Just stop, no worries!!! It’s okay to stop training when things aren’t going well. Sometimes the best thing to do is call it quits for the day. Go have a drink or call a friend and think about what went wrong and possible ways of fixing the problem. When you’ve separated yourself from the “training gone wrong” situation, look at what you were doing and see what changes and improvements might be made. People often feel the need to end on a good note but sometimes you are much better off just stopping then digging a deeper hole. Always remember “the problem will still be there when you pick back up in your training.”
Take notes. Learn to recognize and appreciate the small improvements along the way to complete problem solving can be a valuable tool to reduce your frustration. Organized trainers keep training logs that document results of each training session. Analyzing sessions offer information about your dog’s rate of progress, and helps you fine-tune and improve your training plan.
There are many types of record-keeping. Some examples include apps on Smart phones, pre-printed training logs or just a small spiral notebook. Here are some ideas of what kind of notes to take. 1) Keep track of how many times you repeat or practice a skill 2) How often was your dog correct or incorrect? 3) How much or what type of reinforcement did you use or did you do something special to fix a problem. In addition, make notes of any ideas you want to try during your next training session. The more notes you take the better. Sometimes writing down a problem gives you the correct direction to take to fix it!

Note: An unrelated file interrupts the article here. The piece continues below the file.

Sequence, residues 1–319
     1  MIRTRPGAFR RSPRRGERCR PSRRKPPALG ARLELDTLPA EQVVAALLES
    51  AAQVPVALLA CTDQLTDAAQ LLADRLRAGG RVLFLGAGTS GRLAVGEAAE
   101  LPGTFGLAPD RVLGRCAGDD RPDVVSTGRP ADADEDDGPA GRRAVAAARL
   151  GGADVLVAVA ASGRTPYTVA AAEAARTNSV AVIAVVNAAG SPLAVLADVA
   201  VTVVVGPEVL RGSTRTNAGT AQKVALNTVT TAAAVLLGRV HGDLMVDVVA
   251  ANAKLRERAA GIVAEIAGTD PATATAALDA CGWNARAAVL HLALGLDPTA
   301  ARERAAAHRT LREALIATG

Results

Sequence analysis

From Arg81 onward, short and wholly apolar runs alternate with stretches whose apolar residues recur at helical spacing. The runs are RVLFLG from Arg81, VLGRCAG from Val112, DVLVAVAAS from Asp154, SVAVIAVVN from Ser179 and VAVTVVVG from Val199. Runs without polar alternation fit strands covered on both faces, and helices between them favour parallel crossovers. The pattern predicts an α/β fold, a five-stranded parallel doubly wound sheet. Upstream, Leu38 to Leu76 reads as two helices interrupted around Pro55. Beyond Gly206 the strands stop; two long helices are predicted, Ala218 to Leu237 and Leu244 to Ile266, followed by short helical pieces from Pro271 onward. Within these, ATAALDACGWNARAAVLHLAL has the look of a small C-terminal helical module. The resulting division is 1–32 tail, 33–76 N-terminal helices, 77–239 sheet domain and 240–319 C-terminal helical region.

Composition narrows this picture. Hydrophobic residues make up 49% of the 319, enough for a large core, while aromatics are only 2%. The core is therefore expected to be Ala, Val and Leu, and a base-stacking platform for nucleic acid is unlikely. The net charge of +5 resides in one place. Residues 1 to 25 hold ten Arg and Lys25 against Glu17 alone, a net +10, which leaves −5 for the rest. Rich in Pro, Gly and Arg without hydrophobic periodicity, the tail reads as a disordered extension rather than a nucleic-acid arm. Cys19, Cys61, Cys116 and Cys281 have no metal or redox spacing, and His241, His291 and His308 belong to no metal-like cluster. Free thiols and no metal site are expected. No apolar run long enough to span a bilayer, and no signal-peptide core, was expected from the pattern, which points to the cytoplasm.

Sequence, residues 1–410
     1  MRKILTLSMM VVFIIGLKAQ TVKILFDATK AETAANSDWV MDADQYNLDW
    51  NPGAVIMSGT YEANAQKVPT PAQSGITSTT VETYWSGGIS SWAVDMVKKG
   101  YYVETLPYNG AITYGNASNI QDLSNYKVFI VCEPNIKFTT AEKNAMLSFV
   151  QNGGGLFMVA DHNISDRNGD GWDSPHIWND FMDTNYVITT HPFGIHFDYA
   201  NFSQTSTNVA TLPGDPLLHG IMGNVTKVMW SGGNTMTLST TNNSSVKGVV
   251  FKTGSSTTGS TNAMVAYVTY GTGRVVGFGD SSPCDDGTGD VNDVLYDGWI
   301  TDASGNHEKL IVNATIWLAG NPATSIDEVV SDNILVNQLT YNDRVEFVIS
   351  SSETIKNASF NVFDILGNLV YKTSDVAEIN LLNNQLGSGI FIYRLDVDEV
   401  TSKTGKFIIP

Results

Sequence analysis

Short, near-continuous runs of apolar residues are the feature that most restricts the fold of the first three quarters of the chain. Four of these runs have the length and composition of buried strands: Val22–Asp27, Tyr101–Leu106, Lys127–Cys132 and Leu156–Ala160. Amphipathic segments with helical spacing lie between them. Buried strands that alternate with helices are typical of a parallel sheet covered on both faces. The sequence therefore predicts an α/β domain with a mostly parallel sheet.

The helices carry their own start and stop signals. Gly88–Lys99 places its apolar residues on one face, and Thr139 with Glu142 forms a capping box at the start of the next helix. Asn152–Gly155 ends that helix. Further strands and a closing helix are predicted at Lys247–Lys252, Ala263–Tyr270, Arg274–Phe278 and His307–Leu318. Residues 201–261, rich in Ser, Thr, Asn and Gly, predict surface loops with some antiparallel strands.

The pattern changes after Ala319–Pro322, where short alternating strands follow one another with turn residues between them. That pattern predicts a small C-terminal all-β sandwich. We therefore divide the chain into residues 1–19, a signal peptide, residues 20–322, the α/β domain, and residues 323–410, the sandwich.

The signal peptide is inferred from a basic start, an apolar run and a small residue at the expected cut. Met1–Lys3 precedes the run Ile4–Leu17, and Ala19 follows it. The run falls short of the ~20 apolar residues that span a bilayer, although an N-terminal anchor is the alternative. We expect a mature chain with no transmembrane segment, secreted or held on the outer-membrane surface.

Don’t take it personally. It is sometimes hard to not obsess over your dog’s issues and training problems. Factor in your personality type and it can be a real test in emotional self-control. Above all try to keep from feeling that your dog is purposely showing you “the paw” when things aren’t going as you planned.
Remember we’re only human. Do I still get frustrated? Yes of course. I’m far from perfect, but when I find myself getting frustrated, first I stop and think of ways to fix the problem. If my dog does something totally unexpected, I mark the behavior with a non-reward marker like “you’re fired” or “really” to let the dog know he is wrong. We then try the skill again. If he repeatedly makes the same mistakes, I step back and analyze if my dog truly understands the skill I am asking him to perform.
Logical we know that disobedience isn’t personal, but this can be tough to remember in heat of the moment. One of the greatest gifts I’ve learned in training dogs is the ability to accept my training errors, recover, and move on. It’s easy to blame the dog. It’s harder to look at how our own actions likely contributed to the dog’s inability to perform to your expectations or hopes.
When all else fails always remember that our dogs are never with us nearly long enough. Enjoy the time you have with your dog and always build the relationship that you will be able to look back with fond memories of all your dogs.
Here are a few really great “dog” items I use in everyday life and in training. Click on the link or image and it will take you to affiliate Amazon.